In 2009 Sydney's Seminary of the Good Shepherd had 36 students, including 21 for the Sydney Archdiocese (with another six accepted for 2010). In addition, Sydney's Redemptoris Mater Seminary, operated by the Neo-Catechumenate, expects an enrolment of 24 for 2010, according to its Rector, Fr Eric Skruzny.
This report is provided by Fr Michael de Stoop who is the Director of Vocations for the Sydney Archdiocese.
The Archbishop of Sydney, Cardinal George Pell, has accepted six men to enter First Year in the Seminary of the Good Shepherd in 2010. Their names are listed below, together with a brief description of their backgrounds.
* Daniel Russo, age 19, from Greenacre was born to Catholic parents of Italian origin and has recently completed his First Year in a Bachelor of Engineering at Sydney University.
* Dominic McGee, age 32, from Warwick, Queensland, was born to Catholic parents, dairy farmers. Dominic is currently General Manager of Operations for a fleet control company. When his first thoughts turned to the priesthood he consulted with Fr Michael O'Brien and received much encouragement from Fr Murray and his aunt, Sr Margaret RSJ, when he was in Allora, Queensland.
His current Parish Priest Fr Chris Slattery has been a great source of inspiration for him. 'He has shown me that as a priest you can give your entire self to do God's work, and that that work can be extremely fulfilling and satisfying.'
* Gerard Woo Ling, age 39, from Surry Hills is one of eight children born in Trinidad to Catholic parents, especially a mother whose 'love for the gift of the faith she imparted to her children by example.' Gerard currently works as a corporate accountant. After leaving school Gerard did not give much thought in regards to his future. He said World Youth Day 2008 helped him to be aware of his vocation.
* Michael Jaksic, age 26, from Casula is the elder of two children born to Croatian Catholic parents who migrated to Sydney in 1960. He is currently employed as a customer service officer for a courier company. Whenever Michael prayed for a good wife, the thought that he should become a priest often came up.
* Sebastian Hew, age 29, was born in Malaysia to Chinese parents. He has completed a Bachelor of Arts and Engineering at the University of New South Wales and a PhD in Physics at Cambridge, UK.
* Stephen Peterson, age 32, from Willoughby (Sydney) is the elder of two children born to Catholic parents of Indian and Malaysian origin. He is currently employed as a customer relations consultant.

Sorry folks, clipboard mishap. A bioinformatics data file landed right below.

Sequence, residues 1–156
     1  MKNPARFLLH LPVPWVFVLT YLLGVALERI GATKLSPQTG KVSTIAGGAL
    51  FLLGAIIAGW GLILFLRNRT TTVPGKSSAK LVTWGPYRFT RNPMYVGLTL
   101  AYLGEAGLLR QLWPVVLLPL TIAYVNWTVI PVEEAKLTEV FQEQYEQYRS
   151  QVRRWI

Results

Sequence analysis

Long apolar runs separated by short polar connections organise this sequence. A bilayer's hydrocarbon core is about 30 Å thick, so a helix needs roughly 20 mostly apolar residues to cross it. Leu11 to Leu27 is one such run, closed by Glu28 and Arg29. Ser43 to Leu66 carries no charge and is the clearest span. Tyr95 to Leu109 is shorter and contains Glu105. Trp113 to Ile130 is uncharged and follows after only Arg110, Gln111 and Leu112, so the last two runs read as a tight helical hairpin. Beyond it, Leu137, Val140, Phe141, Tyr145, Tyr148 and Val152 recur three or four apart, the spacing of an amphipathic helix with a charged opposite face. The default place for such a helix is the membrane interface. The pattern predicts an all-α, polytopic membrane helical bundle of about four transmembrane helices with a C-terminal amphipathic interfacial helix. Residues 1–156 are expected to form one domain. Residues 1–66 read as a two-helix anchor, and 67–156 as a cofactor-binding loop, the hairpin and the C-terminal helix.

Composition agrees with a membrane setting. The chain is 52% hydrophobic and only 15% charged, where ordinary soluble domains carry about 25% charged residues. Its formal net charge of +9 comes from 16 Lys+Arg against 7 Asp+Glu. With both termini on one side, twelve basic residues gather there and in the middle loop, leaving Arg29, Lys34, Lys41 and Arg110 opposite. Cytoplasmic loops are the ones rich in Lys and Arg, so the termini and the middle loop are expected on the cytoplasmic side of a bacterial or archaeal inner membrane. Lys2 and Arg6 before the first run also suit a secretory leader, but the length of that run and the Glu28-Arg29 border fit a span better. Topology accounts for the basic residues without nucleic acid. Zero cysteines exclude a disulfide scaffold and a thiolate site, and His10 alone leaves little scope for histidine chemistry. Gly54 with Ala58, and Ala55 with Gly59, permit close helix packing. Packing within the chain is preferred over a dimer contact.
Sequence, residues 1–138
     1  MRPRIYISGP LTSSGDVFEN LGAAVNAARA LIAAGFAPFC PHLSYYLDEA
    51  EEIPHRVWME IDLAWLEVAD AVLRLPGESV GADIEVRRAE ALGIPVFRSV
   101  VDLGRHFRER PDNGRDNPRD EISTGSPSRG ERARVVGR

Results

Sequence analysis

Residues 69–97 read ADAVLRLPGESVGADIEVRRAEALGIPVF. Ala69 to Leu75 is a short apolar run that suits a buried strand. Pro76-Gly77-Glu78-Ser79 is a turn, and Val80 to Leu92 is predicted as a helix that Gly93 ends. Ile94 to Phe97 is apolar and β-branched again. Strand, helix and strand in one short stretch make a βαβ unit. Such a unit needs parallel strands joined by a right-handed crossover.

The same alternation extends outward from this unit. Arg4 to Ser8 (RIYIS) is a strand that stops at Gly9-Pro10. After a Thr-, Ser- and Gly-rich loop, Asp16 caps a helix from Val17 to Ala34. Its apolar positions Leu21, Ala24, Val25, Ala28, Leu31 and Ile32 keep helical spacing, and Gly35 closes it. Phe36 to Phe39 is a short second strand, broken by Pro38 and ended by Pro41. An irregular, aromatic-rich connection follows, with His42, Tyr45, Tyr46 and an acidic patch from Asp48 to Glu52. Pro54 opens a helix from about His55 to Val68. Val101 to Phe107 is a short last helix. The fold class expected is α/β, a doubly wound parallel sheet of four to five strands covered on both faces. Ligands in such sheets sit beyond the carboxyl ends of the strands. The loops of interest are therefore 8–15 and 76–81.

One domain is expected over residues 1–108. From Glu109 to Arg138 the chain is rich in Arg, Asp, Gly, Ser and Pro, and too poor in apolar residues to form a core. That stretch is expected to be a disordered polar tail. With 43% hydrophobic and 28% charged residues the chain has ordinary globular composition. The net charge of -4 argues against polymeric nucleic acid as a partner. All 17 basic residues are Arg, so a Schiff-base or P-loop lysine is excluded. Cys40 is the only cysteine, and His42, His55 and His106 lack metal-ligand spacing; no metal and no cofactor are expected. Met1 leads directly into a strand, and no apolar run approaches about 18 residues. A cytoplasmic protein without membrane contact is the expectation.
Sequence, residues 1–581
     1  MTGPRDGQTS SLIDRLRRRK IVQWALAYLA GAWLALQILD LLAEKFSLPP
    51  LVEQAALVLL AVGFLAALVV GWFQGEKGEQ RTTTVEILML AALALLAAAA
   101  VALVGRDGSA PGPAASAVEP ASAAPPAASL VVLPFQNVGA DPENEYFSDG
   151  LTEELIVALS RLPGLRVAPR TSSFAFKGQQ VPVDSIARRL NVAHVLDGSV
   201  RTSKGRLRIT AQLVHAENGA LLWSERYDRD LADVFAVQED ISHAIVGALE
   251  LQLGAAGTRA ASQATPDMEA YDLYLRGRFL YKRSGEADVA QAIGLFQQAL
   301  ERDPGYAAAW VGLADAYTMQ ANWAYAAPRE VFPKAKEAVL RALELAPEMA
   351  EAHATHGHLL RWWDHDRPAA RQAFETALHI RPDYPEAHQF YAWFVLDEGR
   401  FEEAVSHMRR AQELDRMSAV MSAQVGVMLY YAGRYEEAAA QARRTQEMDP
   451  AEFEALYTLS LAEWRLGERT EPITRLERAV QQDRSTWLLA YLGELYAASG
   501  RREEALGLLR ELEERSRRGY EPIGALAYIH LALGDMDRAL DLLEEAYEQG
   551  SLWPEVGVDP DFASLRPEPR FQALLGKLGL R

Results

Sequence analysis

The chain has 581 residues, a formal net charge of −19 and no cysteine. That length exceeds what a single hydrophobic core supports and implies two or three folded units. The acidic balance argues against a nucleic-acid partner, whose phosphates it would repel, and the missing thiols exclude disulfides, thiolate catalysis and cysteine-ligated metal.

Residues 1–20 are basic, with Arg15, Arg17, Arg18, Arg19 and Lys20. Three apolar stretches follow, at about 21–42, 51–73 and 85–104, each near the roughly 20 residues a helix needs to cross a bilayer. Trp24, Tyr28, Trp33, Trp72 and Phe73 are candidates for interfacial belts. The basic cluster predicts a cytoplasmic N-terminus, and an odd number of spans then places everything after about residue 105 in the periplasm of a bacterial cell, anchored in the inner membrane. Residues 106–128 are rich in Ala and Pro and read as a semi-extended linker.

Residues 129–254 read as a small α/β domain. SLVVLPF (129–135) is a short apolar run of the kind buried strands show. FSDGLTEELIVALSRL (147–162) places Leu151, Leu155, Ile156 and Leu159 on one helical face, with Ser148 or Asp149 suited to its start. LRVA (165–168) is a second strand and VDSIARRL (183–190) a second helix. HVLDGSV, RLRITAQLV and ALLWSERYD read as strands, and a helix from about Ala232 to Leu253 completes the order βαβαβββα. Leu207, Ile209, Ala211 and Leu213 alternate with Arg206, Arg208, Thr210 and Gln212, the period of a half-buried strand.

This year the Archdiocese of Sydney's Vocation Centre has been developing resources and training volunteers in parishes to assist their parish priests to promote vocations.
Since I have been appointed to run a parish for the first time I only need to look at how much mail piles up on my desk to become fully aware of how much parish priests need this kind of assistance. The Year for Priests has also been providing us with many opportunities to promote priestly vocations, too many to enumerate in this progress report.
Role of parents
My greatest challenge in promoting priestly vocations lies not in encouraging young men to consider such a calling, but educating their parents lest they discourage their sons from considering it. Since marriage is the norm, many parents are naturally ignorant of the joys priests experience.
For this reason, among the resources I have generated this year, the materials we have spent the most time developing are those for parents. The priesthood is a vocation, not merely a job; nonetheless, within our publications I have been including the results of an American survey (see below).
Even parents who are happy for their son to be a priest often need to be instructed. The following true story illustrates the negative affect that some parents inadvertently engender.
A Catholic mother who is fervent in her faith and active in her local parish asked her son who was 19 years of age the question every Catholic parent should ask: 'Would you like to be a priest?' He answered without hesitation with a certain alarm in his voice, 'No! No way!'
Surprised by his bleak answer she asked, 'Why not?' 'Because no one likes priests,' he replied. Bewildered, she asked, 'What makes you think that?' 'Because every time we drive home after Mass you and dad criticise what the priest says in his homily. And you also criticise every decision he makes for the parish.' Needless to say, this was a moment of revelation for these parents.
If criticism of priests is warranted parents would be exercising virtue in bringing their concerns to the priest's attention personally, but there is certainly no virtue in criticising a priest publically, especially when children are present, because they can end up becoming cynical about the priesthood as a result.
I usually only address the positive developments when writing articles such as this progress report, however, progress is not possible without addressing any significant factors that discourage young men from considering the priesthood.
Parents would do well to ask themselves, 'Do I ever give my son the wrong impression that he would not be respected if he became a priest? How often do I talk to my children about what good things my parish priest says and does?'
A 2007 survey of Job Satisfaction in the US (Tom W. Smith, National Opinion Research Center/University of Chicago) found 87.2% of clergy 'very satisfied' with their jobs, compared with 47% of the general population, while 67.2% of clergy said they were 'very happy' compared with 33.3% of the general population.